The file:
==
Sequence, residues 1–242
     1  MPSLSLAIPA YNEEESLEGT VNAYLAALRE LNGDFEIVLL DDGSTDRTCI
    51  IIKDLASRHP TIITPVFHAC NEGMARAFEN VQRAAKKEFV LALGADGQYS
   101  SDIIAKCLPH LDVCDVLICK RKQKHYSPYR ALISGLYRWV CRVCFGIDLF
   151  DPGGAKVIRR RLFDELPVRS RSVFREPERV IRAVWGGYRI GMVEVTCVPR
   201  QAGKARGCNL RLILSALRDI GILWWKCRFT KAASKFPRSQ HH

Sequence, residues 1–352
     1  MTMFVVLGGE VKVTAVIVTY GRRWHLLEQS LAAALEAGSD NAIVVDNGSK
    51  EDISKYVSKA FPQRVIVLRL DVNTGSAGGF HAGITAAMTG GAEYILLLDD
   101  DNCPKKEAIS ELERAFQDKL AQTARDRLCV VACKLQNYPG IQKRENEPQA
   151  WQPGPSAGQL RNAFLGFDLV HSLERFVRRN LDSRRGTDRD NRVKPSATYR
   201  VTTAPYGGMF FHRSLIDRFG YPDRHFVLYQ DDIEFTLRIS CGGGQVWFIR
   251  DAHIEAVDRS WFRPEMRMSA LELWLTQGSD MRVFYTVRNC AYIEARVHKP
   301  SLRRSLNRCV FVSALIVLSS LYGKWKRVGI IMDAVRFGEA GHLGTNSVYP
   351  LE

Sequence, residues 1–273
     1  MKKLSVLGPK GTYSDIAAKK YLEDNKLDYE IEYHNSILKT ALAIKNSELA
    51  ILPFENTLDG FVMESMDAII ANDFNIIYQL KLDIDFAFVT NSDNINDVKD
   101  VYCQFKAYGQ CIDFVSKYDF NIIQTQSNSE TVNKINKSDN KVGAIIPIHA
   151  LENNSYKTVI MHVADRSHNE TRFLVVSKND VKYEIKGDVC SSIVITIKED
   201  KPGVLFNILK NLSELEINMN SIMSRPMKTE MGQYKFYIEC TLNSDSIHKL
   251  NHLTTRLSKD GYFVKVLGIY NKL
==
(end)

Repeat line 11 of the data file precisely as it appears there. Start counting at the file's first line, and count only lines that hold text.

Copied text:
   151  WQPGPSAGQL RNAFLGFDLV HSLERFVRRN LDSRRGTDRD NRVKPSATYR